CBN News spoke with the NHCLC's Rev. Tony Suarez about his concern for Dreamers
More than 200 evangelical leaders are calling on President Trump and Congress to protect young illegal immigrants known as "Dreamers."
They're asking the president to preserve the Deferred Action for Childhood Arrivals (DACA) program and urging Congress to pass legislation to permanently protect Dreamers from deportation.
"We are urging President Trump to demonstrate compassion and embrace inclusion," said Rev. Gabriel Salguero, founder of the National Latino Evangelical Coalition. He added, "the lives of millions of families are at stake. Lawmakers throughout the country must do the right thing and maintain DACA until humane immigration reform with a path to citizenship can be reformed."
Rev. Noel Castellanos, president of the Christian Community Development Association (CCDA) said "protecting families from being torn apart by deportation is the right thing to do."
More than one million immigrants are eligible for DACA and the Pew Research Center reports that 750,000 have received work permits through the program.
Immigrants qualify if they came to the U.S. before the age of 16 and are either enrolled in high school or have a high school degree or GED equivalent. They must also not have a serious criminal conviction. Those approved for DACA receive a work permit and deportation protection for two years, at which time they must re-apply. The program went into effect in 2012.
On Tuesday, White House Press Secretary Sean Spicer promised "the President will have further updates on both DACA and DAPA very shortly." DAPA would provide legal status for the immigrant parents of American citizens or those who are here lawfully.
Rev. Tony Suarez, the executive vice president for the National Hispanic Leadership Conference (NHCLC), told CBN News that there's great concern about Dreamers in the 40,000 NHCLC churches right now. "There's alot of nervousness, there's angst--there's more questions than answers from the pews" he said.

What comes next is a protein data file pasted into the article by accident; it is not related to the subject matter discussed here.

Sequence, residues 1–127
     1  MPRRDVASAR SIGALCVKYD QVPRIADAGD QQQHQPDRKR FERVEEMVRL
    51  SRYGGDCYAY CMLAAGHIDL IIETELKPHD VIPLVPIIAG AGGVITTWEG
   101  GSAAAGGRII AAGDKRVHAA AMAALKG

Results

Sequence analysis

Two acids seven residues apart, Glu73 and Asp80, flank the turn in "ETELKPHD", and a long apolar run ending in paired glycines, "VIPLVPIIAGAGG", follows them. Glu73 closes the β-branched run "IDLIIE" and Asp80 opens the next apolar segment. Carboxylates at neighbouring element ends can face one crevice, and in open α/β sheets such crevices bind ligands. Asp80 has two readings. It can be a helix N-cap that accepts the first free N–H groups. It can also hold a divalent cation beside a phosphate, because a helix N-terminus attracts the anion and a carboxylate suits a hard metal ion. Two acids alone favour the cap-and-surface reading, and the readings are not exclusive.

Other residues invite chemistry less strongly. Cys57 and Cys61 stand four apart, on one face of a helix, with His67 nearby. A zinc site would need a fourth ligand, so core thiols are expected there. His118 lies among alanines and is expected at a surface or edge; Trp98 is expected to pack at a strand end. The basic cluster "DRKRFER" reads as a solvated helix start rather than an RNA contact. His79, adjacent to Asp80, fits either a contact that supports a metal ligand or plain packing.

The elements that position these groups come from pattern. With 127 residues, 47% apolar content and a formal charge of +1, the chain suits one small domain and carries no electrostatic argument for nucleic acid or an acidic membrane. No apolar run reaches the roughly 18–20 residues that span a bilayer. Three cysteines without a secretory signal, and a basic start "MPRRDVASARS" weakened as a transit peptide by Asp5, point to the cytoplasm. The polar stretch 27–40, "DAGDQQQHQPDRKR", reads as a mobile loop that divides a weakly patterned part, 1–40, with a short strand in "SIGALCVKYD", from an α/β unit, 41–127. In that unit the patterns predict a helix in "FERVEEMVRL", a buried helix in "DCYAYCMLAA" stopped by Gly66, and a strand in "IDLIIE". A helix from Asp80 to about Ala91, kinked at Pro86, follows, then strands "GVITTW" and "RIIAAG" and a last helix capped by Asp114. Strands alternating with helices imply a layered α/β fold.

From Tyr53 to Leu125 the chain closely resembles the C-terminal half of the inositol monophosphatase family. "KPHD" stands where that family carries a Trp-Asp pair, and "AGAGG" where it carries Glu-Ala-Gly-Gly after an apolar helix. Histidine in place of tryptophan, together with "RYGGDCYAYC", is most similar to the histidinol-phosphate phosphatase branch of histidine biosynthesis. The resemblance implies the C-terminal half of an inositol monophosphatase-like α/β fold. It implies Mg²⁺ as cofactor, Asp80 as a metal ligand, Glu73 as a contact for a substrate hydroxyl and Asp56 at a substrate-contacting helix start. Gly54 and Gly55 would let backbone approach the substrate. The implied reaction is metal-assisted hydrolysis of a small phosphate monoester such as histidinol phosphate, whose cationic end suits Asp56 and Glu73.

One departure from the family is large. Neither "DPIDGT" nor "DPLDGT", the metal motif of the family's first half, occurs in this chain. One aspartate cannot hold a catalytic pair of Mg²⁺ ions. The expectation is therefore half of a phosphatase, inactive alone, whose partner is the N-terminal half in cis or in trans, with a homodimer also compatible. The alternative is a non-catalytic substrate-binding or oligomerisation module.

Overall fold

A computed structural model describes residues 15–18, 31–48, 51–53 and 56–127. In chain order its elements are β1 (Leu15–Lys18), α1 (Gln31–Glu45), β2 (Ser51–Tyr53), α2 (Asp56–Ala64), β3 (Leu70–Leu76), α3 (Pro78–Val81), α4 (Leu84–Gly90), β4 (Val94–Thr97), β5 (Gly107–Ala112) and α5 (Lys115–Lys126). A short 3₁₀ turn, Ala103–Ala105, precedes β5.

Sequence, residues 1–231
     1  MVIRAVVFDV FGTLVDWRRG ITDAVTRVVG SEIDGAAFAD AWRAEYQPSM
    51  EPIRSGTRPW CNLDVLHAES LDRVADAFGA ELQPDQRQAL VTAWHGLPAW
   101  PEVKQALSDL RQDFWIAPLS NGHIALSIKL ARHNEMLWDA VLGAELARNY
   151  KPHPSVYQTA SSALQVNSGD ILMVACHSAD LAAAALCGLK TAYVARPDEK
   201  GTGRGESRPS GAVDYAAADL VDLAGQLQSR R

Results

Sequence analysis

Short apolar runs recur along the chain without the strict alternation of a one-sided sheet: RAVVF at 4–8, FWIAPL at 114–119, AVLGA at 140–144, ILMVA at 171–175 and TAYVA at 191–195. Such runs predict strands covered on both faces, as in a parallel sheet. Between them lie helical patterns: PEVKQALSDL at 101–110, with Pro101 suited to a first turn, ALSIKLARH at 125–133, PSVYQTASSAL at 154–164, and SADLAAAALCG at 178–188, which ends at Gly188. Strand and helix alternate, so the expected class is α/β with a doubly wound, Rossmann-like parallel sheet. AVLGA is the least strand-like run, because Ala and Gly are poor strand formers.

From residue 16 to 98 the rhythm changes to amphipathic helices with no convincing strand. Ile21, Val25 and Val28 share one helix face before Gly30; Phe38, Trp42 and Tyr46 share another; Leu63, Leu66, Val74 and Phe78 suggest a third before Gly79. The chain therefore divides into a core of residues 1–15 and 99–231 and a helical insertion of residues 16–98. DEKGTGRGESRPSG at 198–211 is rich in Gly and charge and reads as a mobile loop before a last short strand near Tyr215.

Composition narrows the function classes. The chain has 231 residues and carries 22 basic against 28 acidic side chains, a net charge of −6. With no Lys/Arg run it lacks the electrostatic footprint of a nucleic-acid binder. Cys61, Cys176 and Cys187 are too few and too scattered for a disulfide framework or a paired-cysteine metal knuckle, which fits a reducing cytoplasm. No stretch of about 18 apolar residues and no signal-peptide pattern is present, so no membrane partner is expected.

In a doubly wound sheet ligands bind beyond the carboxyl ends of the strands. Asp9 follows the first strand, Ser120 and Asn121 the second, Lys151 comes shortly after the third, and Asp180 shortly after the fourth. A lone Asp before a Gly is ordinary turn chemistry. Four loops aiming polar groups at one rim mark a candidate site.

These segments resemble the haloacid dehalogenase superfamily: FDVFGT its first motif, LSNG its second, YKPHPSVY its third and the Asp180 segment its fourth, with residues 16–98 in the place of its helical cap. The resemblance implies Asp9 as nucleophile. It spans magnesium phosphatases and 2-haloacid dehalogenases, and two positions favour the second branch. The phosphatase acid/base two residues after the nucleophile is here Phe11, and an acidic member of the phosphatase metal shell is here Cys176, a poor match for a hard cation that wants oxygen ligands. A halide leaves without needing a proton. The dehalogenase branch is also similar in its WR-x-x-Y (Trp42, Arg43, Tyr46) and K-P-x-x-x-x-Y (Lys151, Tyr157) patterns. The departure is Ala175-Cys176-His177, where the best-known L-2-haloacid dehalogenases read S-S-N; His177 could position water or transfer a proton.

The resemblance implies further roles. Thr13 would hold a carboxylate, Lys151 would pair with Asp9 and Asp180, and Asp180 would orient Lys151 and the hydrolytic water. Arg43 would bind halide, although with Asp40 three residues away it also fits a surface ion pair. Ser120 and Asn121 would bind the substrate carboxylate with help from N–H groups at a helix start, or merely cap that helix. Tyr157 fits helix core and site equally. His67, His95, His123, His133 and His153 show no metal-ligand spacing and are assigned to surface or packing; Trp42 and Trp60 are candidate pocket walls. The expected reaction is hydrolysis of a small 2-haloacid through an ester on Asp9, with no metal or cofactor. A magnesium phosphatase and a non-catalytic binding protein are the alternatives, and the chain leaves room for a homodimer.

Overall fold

The NHCLC is also focusing on Congress to provide more permanent solutions for Dreamers. "I think the mistake in the previous administration was that we kept looking to the White House for answers," said Suarez, "I think if we're not careful we're going to make that same mistake again. The White House cannot dictate immigration policy. It must come out of the halls of Congress."
Humberto Garcia is a Dreamer majoring in civil engineering at Old Dominion University in Norfolk, Virginia. He came from Mexico to the U.S. at the age of 4 with his family and discovered his legal status at age 16 when his parents told him he could not apply for a drivers license.
He said he was thrilled to receive approval from the DACA program explaining "it was my first step into giving myself the chance and proving myself to America that I too can belong."
Garcia, like hundreds of thousands of other Dreamers, is now waiting on the President and Congress to decide whether or not to repeal the DACA program and what, if anything, to replace it with.
"My future is at the hands of President Trump," said Garcia, "It's hard for me to know that that future could be taken from me--that's the difficult part," he said.
Just this week Congressman Steve King (R-IA) spoke out against DACA, saying President Trump should have already repealed it. King is known for his tough stance on immigration.
Speaking on WMAL radio, King said he believes that two factions in the White House are currently fighting out what the president's position will be. "I'm wary," said King, "and I'm aware that there seems to be two schools of thought that have emerged within the White House and that Donald Trump sees that as a dynamic opportunity to pit them against each other and see who can prevail."
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